If we took stock of everything that we know and compared it to what we don’t know, we’d find that we know a lot about almost nothing.1 As we explore new things, we need tools which give us an idea of what we’re working with even when we don’t know what it is. In textual scholarship, we like to do close readings: understanding all the nuances of a text word by word so that we can tease out almost hidden meanings that rely on us understanding the text as well as its context.2 Sometimes, we don’t have a text or a context, but the effect of the text upon an audience. Or, to put it in more practical terms, we can’t tell what goes on inside an author’s mind, but we do have the resulting text. What can we learn about that mind from the text it produces?
In statistics, saying that something is “almost never” and “has zero probability” are pretty much the same. If we counted all the things that we know and divided it by the number of things that we don’t know, the result would be almost zero. It is ironic that the more we study, the closer the ratio gets to zero. ↩
Last week, I wrote about how mobs might be predictable. One of the first tools that I mentioned was autocorrelation. This is a basic tool that we will use with the others in the list, so it’s important to understand exactly what it does. That’s what I want to explore this week.
Let’s go back to high school geometry. We can define several properties and operations in terms of the angles and sides of the parallelogram to the right, though we’ll need to dive into the cartesian coordinate system a bit to see how to move on to the next step towards the autocorrelation.
We want to look at what it means to do mathematical operations on these line segments. We know that we can add numbers together to get new numbers, but what does it mean to add line segments? If we take the segment from D to E, and add the segment from E to B, it’s obvious that we end up with the segment from D to B. But what’s not as obvious is that if we take D to E and add from E to C, we end up with D to C.Continue Reading Autocorrelation
As a kid, I read Asimov’sFoundation series in which Hari Seldon develops a mathematical description of society called psychohistory. The science in the books is completely fictional, but it always sat at the back of my mind. What if there was a kernel of truth in the fiction? What if people could be predictable?Psychohistory has two main axioms (taken from the Wikipedia entry):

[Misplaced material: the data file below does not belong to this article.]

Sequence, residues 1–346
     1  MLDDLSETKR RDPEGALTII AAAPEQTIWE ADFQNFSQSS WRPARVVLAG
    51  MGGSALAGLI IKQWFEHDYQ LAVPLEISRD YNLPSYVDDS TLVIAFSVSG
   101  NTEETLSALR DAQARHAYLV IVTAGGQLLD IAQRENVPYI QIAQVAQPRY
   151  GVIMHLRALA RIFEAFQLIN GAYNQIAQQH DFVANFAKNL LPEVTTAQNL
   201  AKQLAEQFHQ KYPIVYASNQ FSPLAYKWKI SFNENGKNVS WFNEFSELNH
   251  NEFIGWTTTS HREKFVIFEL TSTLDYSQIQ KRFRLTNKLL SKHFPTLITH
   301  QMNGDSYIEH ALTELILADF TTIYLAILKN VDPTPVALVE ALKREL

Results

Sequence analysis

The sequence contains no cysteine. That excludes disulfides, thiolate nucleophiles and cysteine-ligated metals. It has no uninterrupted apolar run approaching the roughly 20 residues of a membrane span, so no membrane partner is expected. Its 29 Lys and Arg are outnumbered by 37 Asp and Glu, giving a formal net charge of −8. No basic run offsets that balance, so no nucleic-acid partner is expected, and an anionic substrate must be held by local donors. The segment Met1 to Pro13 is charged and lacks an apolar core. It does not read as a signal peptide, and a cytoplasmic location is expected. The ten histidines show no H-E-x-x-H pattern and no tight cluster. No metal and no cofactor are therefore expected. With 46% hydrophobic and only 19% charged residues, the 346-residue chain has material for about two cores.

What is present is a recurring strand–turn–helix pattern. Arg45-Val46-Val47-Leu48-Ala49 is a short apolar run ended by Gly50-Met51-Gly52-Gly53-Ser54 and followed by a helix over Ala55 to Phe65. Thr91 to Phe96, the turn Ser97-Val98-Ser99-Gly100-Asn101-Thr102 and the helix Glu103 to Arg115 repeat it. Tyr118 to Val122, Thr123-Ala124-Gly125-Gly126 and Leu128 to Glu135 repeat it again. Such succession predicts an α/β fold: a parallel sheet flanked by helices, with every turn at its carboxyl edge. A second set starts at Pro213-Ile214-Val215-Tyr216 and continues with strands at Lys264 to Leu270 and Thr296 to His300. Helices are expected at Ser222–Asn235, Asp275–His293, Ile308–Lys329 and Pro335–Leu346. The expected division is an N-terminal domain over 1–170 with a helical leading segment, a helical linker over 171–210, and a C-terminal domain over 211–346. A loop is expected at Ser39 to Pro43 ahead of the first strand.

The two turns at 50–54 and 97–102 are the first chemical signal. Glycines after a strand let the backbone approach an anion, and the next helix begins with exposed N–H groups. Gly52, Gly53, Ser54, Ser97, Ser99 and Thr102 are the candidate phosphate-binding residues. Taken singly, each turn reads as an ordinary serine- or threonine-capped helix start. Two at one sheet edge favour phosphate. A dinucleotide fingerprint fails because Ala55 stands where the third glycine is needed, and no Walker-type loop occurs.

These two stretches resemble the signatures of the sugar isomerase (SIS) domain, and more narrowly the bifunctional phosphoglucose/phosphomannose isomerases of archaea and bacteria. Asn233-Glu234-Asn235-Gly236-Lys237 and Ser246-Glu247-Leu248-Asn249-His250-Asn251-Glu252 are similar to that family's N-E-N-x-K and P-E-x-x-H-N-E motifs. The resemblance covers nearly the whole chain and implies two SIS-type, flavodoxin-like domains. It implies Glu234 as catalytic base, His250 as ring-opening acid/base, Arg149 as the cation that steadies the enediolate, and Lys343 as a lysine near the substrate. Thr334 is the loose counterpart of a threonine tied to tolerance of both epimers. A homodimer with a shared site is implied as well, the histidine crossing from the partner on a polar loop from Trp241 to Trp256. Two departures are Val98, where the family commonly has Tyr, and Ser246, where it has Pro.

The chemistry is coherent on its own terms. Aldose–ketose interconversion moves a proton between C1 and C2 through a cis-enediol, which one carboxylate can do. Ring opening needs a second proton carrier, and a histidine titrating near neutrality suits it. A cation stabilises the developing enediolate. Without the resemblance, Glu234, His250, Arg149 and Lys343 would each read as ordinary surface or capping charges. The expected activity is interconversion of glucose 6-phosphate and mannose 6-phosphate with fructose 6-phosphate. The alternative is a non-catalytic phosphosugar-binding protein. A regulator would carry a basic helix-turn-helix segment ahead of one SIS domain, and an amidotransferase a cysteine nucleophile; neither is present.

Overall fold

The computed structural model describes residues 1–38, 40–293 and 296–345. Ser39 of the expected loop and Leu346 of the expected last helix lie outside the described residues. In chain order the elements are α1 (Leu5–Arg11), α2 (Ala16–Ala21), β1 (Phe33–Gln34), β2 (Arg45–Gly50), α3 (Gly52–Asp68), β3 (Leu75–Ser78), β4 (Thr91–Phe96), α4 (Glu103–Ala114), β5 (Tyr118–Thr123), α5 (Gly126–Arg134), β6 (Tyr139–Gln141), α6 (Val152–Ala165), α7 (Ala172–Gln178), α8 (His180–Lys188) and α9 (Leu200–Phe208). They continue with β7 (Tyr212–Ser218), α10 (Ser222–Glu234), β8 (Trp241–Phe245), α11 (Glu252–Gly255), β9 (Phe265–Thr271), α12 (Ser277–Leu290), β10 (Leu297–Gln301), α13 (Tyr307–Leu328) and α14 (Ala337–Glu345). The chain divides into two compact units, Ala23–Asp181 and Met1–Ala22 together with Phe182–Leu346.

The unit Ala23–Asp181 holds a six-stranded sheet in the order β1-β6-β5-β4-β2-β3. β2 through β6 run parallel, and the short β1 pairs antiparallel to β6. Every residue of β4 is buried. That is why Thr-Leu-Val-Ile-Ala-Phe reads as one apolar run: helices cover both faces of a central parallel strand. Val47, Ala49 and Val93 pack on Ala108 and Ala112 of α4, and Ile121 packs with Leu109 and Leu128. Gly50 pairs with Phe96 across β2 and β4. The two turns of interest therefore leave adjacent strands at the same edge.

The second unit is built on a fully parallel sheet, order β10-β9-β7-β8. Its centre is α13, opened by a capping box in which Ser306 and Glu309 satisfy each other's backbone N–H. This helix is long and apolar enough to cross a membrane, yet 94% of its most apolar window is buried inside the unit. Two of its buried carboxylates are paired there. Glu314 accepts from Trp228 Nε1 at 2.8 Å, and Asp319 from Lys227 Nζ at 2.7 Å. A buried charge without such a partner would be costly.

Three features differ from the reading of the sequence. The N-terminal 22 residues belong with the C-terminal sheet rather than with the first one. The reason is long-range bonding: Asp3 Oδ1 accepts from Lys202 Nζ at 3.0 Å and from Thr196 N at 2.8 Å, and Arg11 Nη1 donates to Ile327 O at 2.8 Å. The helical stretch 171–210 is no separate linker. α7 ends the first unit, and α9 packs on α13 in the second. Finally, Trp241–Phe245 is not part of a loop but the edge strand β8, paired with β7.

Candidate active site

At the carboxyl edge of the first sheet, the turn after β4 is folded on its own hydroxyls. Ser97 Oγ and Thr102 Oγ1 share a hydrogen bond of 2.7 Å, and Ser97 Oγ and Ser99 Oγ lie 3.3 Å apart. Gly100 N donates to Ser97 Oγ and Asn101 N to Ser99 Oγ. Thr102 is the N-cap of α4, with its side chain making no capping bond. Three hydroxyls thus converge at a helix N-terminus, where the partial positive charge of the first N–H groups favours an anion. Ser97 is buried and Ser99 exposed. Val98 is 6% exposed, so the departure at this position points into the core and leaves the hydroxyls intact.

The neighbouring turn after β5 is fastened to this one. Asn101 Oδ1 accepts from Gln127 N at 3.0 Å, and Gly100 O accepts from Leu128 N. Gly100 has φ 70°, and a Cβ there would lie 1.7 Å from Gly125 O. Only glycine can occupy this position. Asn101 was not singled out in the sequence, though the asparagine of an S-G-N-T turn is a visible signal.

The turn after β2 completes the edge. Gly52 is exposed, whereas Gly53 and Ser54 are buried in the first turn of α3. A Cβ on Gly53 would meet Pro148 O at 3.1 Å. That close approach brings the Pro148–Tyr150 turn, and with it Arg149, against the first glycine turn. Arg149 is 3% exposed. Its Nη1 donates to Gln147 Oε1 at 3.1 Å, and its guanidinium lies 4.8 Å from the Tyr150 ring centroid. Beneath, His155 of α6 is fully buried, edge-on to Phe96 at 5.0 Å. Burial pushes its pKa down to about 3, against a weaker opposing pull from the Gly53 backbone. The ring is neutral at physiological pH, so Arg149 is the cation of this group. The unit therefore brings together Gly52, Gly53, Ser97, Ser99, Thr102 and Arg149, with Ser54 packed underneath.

that the population whose behaviour was modeled should be sufficiently large
that the population should remain in ignorance of the results of the application of psychohistorical analyses
The first axiom has an analogy in statistical physics: the number of particles should be sufficiently large. A single atom doesn’t really have a temperature because temperature is a measure of how quickly disorder is increasing in a system. A single atom can’t increase its disorder, but it can have an energy. It just happens that the rate of entropy increase is proportional to the average energy of a group of particles, so we equate temperature with energy and assume that a single atom can have a temperature. The entropy-based definition of temperature is more general than the energy-based definition: it allows negative temperatures.
The second axiom is similar to what you might expect for a psychology experiment: knowledge of the experiment by the participants can affect the outcome. For example, using purchasing data instead of asking someone outright if they are pregnant because sometimes the contextually acceptable answer will trump the truth.The important thing is that people are predictable in aggregate. This is what allows a political poll to predict an election outcome without having to ask everyone who will be voting, though polls aren’t perfectly predictable in part because someone will be more likely to tell a pollster what they think is socially acceptable, which might not show how they vote when they think no one is watching, thus reinforcing the need for the second axiom.Continue Reading Predictable Mobs